Enlighten me…

        • LeStori

          Production shifted to a country with low wages yet I am expected to continue to pay premium prices for the item . Production moved to China presumably so that manufacturer can make more money. What’s in it for me considering it has gone from being an European car to a Chinese car.

          • Vassilis

            Volvo is a company owned by a Chinese group. It makes sense to move production there. It’s a pity so many people will lose their jobs but it makes sense as a move. Also, I’m not sure how much lower wages are in China nowadays. It’s no coincidence Chinese-made products are more expensive than they used to be. Which is of course great for the workers.

    • Charles Bryant

      Well, that’s using the rational part of your brain. Like half the things you use every day aren’t made in China.

      • Rocket

        Probably more than half. Key difference: We often don’t have a choice, or those choices are extremely limited. Thats not the case here as there are plenty of alternatives that are not made in China.

        • Marty

          Other alternatives, like all the other Volvo models.

  • Evo45

    What if some cars need to be delivered even before arriving at Belgium? They won’t stop?

    • Timo

      Eh?!

      • Evo45

        Eh, what?

    • Six Thousand Times

      They can’t stop.

    • KareKakk

      If Volvo Moscow need 30 S90’s, I guess they can slow down a bit and drop 10 containers on the go.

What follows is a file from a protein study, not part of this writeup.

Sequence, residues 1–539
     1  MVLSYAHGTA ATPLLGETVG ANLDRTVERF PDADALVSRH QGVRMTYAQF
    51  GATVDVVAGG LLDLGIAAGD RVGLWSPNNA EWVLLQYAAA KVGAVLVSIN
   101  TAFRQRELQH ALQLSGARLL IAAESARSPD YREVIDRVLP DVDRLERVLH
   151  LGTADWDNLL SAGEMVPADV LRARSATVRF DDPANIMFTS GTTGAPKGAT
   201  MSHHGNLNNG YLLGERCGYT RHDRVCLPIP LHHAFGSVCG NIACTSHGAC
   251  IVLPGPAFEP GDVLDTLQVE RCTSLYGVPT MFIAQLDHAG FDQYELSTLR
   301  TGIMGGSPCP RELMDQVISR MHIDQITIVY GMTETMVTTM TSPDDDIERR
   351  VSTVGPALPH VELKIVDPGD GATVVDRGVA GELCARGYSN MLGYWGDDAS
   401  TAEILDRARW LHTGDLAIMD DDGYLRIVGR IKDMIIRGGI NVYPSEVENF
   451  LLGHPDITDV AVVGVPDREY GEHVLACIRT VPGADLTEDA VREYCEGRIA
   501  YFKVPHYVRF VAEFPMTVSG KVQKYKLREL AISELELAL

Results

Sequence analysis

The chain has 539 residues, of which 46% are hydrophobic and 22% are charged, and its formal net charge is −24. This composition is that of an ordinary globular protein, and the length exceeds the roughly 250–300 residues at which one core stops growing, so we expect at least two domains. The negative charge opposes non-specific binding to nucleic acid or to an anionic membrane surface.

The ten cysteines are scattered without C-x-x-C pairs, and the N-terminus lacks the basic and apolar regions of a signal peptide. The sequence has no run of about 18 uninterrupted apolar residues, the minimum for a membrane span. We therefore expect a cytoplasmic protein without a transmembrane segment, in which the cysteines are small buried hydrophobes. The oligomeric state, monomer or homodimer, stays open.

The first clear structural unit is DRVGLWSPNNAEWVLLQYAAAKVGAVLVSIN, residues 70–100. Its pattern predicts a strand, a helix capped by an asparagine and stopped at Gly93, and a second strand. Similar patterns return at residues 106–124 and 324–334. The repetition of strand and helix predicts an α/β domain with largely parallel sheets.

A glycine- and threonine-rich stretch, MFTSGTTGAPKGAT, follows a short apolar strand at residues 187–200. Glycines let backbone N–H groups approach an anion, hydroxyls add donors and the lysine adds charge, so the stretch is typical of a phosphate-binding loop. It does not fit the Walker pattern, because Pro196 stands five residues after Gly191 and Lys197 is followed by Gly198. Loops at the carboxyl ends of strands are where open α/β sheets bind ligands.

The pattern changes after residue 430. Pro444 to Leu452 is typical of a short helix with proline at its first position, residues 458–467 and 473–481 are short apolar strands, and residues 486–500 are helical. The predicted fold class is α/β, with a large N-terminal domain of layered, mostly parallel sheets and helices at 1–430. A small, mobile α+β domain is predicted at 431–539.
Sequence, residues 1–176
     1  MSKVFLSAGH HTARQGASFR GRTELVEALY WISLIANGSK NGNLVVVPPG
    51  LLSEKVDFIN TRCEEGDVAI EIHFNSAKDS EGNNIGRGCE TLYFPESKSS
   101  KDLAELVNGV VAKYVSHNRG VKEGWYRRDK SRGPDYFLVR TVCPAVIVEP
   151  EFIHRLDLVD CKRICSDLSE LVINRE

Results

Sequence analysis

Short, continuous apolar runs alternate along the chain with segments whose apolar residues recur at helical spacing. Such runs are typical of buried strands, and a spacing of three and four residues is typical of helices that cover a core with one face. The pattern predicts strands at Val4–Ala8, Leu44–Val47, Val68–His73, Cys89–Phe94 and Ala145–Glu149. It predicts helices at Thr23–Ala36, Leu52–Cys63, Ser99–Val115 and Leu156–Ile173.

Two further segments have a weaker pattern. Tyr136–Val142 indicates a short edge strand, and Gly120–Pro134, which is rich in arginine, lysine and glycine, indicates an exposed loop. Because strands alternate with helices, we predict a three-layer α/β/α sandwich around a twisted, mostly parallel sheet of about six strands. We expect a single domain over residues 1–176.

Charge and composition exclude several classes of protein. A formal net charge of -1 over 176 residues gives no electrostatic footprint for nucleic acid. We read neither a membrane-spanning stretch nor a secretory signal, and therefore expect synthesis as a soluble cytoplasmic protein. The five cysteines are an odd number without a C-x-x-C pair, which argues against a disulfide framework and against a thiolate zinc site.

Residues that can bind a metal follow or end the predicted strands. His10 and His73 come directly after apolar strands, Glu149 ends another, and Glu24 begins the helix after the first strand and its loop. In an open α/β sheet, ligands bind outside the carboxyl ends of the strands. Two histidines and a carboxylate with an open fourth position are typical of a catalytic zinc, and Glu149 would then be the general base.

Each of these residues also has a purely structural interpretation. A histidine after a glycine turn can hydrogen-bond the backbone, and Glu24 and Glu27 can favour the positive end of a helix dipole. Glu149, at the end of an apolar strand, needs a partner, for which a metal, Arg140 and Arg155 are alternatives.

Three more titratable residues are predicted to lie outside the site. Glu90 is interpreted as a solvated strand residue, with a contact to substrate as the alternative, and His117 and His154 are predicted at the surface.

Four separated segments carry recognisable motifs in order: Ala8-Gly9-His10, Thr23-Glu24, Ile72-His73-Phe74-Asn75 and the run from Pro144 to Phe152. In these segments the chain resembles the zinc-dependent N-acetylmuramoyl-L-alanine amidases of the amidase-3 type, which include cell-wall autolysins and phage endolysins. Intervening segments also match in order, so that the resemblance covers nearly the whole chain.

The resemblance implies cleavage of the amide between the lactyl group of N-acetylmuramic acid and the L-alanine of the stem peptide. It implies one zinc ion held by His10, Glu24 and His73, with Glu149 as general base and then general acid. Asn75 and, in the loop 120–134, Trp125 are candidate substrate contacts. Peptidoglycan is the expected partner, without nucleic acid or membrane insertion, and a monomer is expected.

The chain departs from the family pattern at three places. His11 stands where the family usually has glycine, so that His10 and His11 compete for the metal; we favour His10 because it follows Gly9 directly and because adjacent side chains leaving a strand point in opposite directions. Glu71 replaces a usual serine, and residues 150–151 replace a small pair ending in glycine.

• TheBelltower

    I’d still buy one, as long as it comes fully loaded for $20k. I would never spend real money on a Chinese car.

    • It’s like saying as long as my Iphone comes fully loaded for 100$, I would never spend real money on a Chinese phone… And if you have a Google Pixel or whatever, same thing.

      • TheBelltower

        A phone is disposable, and I don’t care where it’s made. A car isn’t a throwaway item. If I buy a Volvo, BMW, Jaguar, it’s because it’s Swedish, German or British.

        • Kash

          Well depending on what Jag or BMW you buy it probably wasn’t built in the UK or Germany either, and if it’s a BMW most of the components were probably made in Mexico anyway.

          • LeStori

            European manufactured Fords are ‘better’ than the equivalent Thailand Fords. This is not because the Thai’s are worse at manufacturing cars than the Europeans. Rather where the parts are sourced.

            If the Chinese made Volvo’s have the exact same parts as the current European manufactured cars then all is o.k. . If parts are sourced elsewhere then who knows what you will get. Manufacturing a component in a different plant can result in a different performing part. That is within the same manufacturing company. Changing a component manufacturer can mean an even greater difference.

  • DMJ

    I must admit that I, as european, would prefer to buy a V90 or another Volvo made in Sweden (or Belgique). Even so, it’s important to understand that this is not a car engineered in China, this is a car (very well) engineered in Sweden but made in China. And so many people writing so many critics in 700 euros iPhones and Apple computers made in China…

  • Six Thousand Times

    So yeah, 100% Swedish and always will be. ..

  • Benjamin B.

    How many S90s are actually sold in Europe? I believe the V90, V90 Crosscountry and even the XC90 outsell the sedan, am I right?

    • KareKakk

      Which I presume explains the desicion of producing this single model in China for any market, and build the V and XC much closer to the end market of those models.